Bell rings for London’s new property exchange | GRI Hub
GRI Hub interviewed IPSX Co-founder and Chairman, Anthony Gahan.
London's new International Property Stock Exchange (IPSX) expects to host its first ever initial public offering (IPO) in the second half of 2019, having gained its operational licence from the Financial Conduct Authority (FCA) on 8 January 2019. IPSX is now London’s seventh recognised investment exchange, alongside others including the London Stock Exchange (LSE), Euronext and the London Metal Exchange (LME).
Anthony Gahan, chairman and founder of IPSX, explains the vision behind the new exchange – a vision which dates back over 25 years to earlier efforts at the securitisation of real estate. As a fintech-focused investment banker, he looked at the securitisation of Billingsgate, the blue glass offices on Lower Thames Street which used to house investment back Samuel Montagu. Similar, previous efforts to securitise real estate have included ‘pinks’ or PICs (property income certificates), and ‘spots’ or special purpose trusts.
“Essentially, these were products created by real estate people. They may have been very convenient to the real estate person, but finding a market on which to place them was impossible,” says Gahan, who decided that the proper way to securitise real estate would be to create a new stock exchange. Being a co-founder of his own, independent corporate finance advisory firm (Wyvern Partners) in 2002, gave Gahan the flexibility to put his ideas into practice.
Opening up the pyramid
Understanding exactly why it is that real estate remains an alternative asset class is important, says Gahan, explaining why a new stock exchange is so badly needed.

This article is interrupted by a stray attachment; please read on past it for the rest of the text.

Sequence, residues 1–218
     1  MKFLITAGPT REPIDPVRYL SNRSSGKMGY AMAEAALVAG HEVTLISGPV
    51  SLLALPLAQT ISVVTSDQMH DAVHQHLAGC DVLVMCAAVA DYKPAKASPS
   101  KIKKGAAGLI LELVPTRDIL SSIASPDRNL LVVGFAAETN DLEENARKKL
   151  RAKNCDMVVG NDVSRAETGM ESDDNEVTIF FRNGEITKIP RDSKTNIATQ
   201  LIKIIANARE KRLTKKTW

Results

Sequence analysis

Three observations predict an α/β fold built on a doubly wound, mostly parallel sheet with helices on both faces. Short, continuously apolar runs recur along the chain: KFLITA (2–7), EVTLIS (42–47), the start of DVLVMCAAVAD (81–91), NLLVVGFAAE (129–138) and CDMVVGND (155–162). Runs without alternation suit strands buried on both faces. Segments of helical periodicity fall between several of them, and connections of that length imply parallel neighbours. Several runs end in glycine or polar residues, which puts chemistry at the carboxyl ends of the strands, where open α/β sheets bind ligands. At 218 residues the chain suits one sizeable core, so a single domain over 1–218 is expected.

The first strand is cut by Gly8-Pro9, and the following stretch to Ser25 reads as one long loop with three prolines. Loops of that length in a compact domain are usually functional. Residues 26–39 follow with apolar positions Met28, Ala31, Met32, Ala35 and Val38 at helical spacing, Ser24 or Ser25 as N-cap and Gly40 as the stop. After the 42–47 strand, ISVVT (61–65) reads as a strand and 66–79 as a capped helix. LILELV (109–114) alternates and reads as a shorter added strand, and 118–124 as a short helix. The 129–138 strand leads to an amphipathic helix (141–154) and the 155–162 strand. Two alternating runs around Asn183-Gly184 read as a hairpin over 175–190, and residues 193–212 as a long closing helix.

“Real estate is alternative,” thinks Gahan, “because there is no public market for it. If you imagine the investor world as a great big pyramid, and at the top of that pyramid there's a dot, a very small dot, then that is the universe that currently invests in real estate. I'm hugely simplifying, but the universe of buyers for £100m buildings are those who already own those sorts of buildings, and they swap them between themselves.”
Investors at the top, says Gahan, will have a cheque book that is big enough to buy a very large building and they will be happy to live with illiquidity, because they have the management skills to look after the asset in a professional way. However, the rest of the pyramid includes enormous institutions which, Gahan argues, are seriously under-invested in real estate. Taking the UK as an example, he points out that generalist funds have on average around 3% of assets under management in real estate, whereas the allocation that pension consultants would suggest is mid-teens.
“That’s a huge delta,” says Gahan. “And it’s because generalist funds cannot really invest directly in real estate. They want liquidity, transparency, things like that. At the moment, the only option in real estate is a public security – typically a REIT - but that REIT is another fund, so they become a fund of funds. What many are really wanting is to say ‘here's my thesis on real estate: I want a bit of that office block in London and a bit of that one in Madrid, but only 2% of that one and 5% of that one.’ Then you have a portfolio which is specific to whatever you think is the right investment for your clients.”
Going further down the pyramid, continues Gahan, smaller institutions – say a £5bn pension fund – could not afford to buy a £300m building: “Unfortunately, it’s too much. What you start to see is a lot of exclusion from this asset class by virtue of the rules, by what's available, or by the size.”
“Everyone in the chain wants a lick of the spoon,” says Gahan, but by the time you get down to the retail investor, their exposure to institutional grade real estate is zero. “It's because the product isn't there, that they can buy. There's this whole investor world that has never had real estate. The owners of these assets want to connect with them, but there's never been a mechanism to do that. And now there is.”
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